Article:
IMDb > Dr. Jekyll and Mr. Hyde (1920/I)
Dr. Jekyll and Mr. Hyde
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Dr. Jekyll and Mr. Hyde (1920/I) More at IMDbPro »

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Down 8% in popularity this week. See why on IMDbPro.
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Release Date:
28 September 1920 (Denmark) See more »
The world's greatest actor in a tremendous story of man at his best and worst!
Dr. Henry Jekyll experiments with scientific means of revealing the hidden, dark side of man and releases a murderer from within himself. Full summary » | Add synopsis »
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  (in credits order) (verified as complete)

John Barrymore ... Dr. Henry Jekyll / Mr. Edward Hyde

Brandon Hurst ... Sir George Carewe

Martha Mansfield ... Millicent Carewe
Charles Lane ... Dr. Lanyon
Cecil Clovelly ... Edward Enfield

Nita Naldi ... Miss Gina

Louis Wolheim ... Music Hall Proprietor
rest of cast listed alphabetically:
Alma Aiken ... Extra (uncredited)
J. Malcolm Dunn ... John Utterson (uncredited)

Julia Hurley ... Hyde's Landlady with Lamp (uncredited)
Jack McHugh ... Street Kid-Raises fist to Mr. Hyde (uncredited)
George Stevens ... Poole - Jekyll's Butler (uncredited)
Edgard Varèse ... Policeman (uncredited)

Directed by
John S. Robertson 
Writing credits
Robert Louis Stevenson (by)

Clara Beranger (scenario) (as Clara S. Beranger)

Thomas Russell Sullivan  play (uncredited)
Oscar Wilde  novel The Picture of Dorian Gray (uncredited)

Produced by
Adolph Zukor .... producer (uncredited)
Cinematography by
Roy F. Overbaugh (photographed by) (as Roy Overbaugh)
Art Direction by
William Cameron Menzies (uncredited)
Clark Robinson (uncredited)
Set Decoration by
Charles O. Seessel (decorations)
Second Unit Director or Assistant Director
Shaw Lovett .... assistant director (uncredited)
Art Department
Robert M. Haas .... architecture
Editorial Department
Karl Malkames .... negative cutter (1971 alternate version)
Other crew
Adolph Zukor .... presenter
Crew verified as complete

Production CompaniesDistributorsOther Companies

Additional Details

Also Known As:
49 min | 67 min (1971 alternate version) | 73 min (Kino Print) | 82 min (DVD) | 79 min (Kino version, on
Aspect Ratio:
1.33 : 1 See more »
Sound Mix:
Canada:G (Ontario) | Finland:K-18 (self applied) (2009) | Finland:K-16 (1921) | Germany:12 | Portugal:17 (director's cut) | UK:A | UK:PG (video rating) | USA:Unrated | USA:Passed (National Board of Review) | USA:TV-PG (TV rating)

Did You Know?

Many adaptations of the Robert Louis Stevenson's novelette were written as plays and performed; the earliest in the United States by Thomas Russell Sullivan opened in Boston on 9 May 1887 and moved to New York City on 12 May 1887.See more »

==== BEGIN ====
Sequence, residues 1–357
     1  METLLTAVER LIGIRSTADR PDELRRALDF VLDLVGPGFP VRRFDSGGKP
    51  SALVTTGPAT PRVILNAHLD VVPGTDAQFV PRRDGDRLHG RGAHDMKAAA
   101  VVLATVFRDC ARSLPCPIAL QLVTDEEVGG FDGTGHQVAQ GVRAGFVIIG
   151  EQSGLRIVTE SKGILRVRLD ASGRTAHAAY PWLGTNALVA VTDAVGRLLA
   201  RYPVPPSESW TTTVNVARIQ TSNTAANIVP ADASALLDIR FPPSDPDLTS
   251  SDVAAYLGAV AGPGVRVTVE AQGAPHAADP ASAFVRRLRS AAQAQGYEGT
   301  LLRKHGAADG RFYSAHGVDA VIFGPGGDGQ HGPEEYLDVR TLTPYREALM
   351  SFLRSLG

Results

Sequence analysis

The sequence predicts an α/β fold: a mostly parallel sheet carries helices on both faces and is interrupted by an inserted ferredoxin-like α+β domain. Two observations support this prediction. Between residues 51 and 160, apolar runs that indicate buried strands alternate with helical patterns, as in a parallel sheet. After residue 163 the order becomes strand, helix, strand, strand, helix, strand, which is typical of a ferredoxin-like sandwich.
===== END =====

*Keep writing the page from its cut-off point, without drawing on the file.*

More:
Revealing mistakes: When the giant spider apparition (manifestation of Hyde) climbs onto Jekyll's bed, the legs of the actor manipulating the costume are clearly visible.See more »
Sir George Carew:What's the matter - afraid of Temptation?See more »
Movie Connections:
Version of Teenage Jekyll and Hyde (1963)See more »


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21 out of 23 people found the following review useful.

That this famous film version of the Stephenson classic, perhaps the first really great American thriller, was enormously aided by John Barrymore's extraordinary abilities is universally appreciated. Nearly forgotten now, however, is the fact the movie's success was also due to the exceptional beauty, marvellously captured, of Ziegfeld Follies showgirl Martha Mansfield in one of her first leading screen roles, that of the ingenue love interest to Barrymore's Dr. Jekyll incarnation.

The picture's period setting provided the ideal backdrop for Mansfield's delicate blonde looks and delightfully coy demeanor. It also gave the budding favorite ample excuse to wear the romantic chiffon creations of the couturiere "Lucile" (Lady Duff-Gordon), which are seen to best advantage in the dinner party scenes. To coincide with the release of "Dr. Jekyll and Mr. Hyde" (March 28, 1920), Martha Mansfield was sufficiently publicity-savvy to pose in her latest Lucile gowns for a double page photo-spread in "Harper's Bazaar" (March 1920).

Mansfield's popularity in the Paramount horror film lead her to be chosen by producer David Selznick to succeed Olive Thomas as the studio's top star upon the latter's shocking death in Paris. Tragically Mansfield was destined for a similar end, for only four years later she died of burns sustained when her costume caught fire while shooting a movie on location in Texas.

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